MESA, Ariz. -- Maybe what Matt Chapman needs is just a little more exposure. If the people who have watched the A's third baseman are to be believed, he has already reached elite status as a defender at the hot corner of the infield.Now all he needs is a little
MESA, Ariz. -- Maybe what Matt Chapman needs is just a little more exposure. If the people who have watched the A's third baseman are to be believed, he has already reached elite status as a defender at the hot corner of the infield.
Now all he needs is a little more time in the big leagues to show what he can do.
"It's about as good as it gets," manager Bob Melvin said. "It's about as good as I've seen."
A recent feature on ESPN.com spelled out the reasons why the A's will be an interesting team this season, and defense was one of those reasons. Citing an American League talent evaluator, the article claimed Chapman's abilities at third base are right up there with two of the best in baseball -- Gold Glovers Nolan Arenado and Manny Machado.
And Chapman's only 84 games into his Major League career.
"It means a lot," he said before the A's loss to the Rangers on Saturday. "To be compared to guys that I look up to, and consider the best, is an honor."
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Chapman and Arenado were Little League opponents and high school teammates while growing up in Lake Forest, Calif. Chapman, two years younger than Arenado, remembers just trying to keep up with Arenado, who was "head and shoulders" better than everyone else.
These days, Chapman may be only a tick behind his onetime teammate.
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According to FanGraphs, Chapman's 19 defensive runs saved ranked second only to Arenado (20) among all players who logged at least 50 innings at third base. Also, according to Statcast™, Chapman's average arm strength on "maximum effort" throws was clocked at 88 mph, which ranked second hardest last year among 23 third basemen who recorded at least five "max effort" throws.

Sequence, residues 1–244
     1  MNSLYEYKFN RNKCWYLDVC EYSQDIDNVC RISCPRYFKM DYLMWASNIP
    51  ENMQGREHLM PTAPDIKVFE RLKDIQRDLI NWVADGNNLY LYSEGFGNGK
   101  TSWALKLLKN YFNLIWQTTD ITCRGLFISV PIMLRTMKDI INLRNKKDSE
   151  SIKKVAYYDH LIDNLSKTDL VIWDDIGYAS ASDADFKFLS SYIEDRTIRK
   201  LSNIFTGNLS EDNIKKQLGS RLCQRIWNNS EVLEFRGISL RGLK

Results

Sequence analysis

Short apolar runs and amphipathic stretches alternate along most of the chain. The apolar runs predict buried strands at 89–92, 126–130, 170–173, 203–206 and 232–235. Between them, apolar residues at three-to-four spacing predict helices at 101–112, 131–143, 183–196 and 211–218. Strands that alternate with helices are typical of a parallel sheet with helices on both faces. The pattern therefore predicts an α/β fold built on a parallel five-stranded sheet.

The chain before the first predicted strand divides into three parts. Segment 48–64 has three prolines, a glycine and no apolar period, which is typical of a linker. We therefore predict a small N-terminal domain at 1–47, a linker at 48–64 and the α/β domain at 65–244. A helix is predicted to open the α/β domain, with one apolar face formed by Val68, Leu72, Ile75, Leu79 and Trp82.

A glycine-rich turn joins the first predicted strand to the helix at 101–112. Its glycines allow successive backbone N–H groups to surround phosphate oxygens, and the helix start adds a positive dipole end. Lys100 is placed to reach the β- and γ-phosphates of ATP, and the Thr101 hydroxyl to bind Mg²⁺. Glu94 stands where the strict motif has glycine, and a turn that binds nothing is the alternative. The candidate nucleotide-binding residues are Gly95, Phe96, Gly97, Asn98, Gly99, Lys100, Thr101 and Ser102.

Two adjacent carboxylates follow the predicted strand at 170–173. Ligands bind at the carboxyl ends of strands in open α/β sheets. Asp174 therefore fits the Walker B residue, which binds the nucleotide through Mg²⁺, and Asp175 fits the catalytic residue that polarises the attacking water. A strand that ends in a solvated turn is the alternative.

"You see it from the minute you watch him play," Melvin said. "It usually takes a little while, maybe certain few plays a couple days in a row, but the minute you see the arm strength, the minute you see the range that he has over at third ... you see him on an everyday basis, and you know exactly why."
Chapman, who turns 25 on April 28, will enter his first full season with the A's, nearly four years after they nabbed him in the first round of the 2014 Draft. The Cal State Fullerton alum debuted last June and logged 14 homers and 40 RBIs over 84 games.
His task this year will be to improve offensively, including cutting down on the strikeouts -- he had 92 in 2017.
Not having to worry about much on the defensive side can help that process. One of the biggest challenges for a young player is to be able to compartmentalize struggles at the plate, and still come as close as possible to a flawless performance on the other side of the game.
For Chapman, defense is a good separator. As soon as he puts his glove on his left hand, the prior at-bat is over. Sometimes he'll wait a bit, carrying the glove on his right hand, if he needs to seethe a little bit longer about his plate appearance. But when the glove switches hands, the brain switches over.
"I learned in college a lot how to not carry a bad at-bat onto the field, or carry a bad defensive play to your at-bat," Chapman said.
Even this early in his career, Chapman has already built a reputation as a player who won't be having many bad defensive plays as his career progresses.
He intends to live up to the expectations.
"I do take a lot of pride in it," Chapman said. "In my opinion, it's probably the best part of my game. Obviously, you like to take pride in everything you do, but I think defense is something that I've always cared about. It's something that's special to me."
Alyson Footer is a national correspondent for MLB.com. Follow her on Twitter @alysonfooter.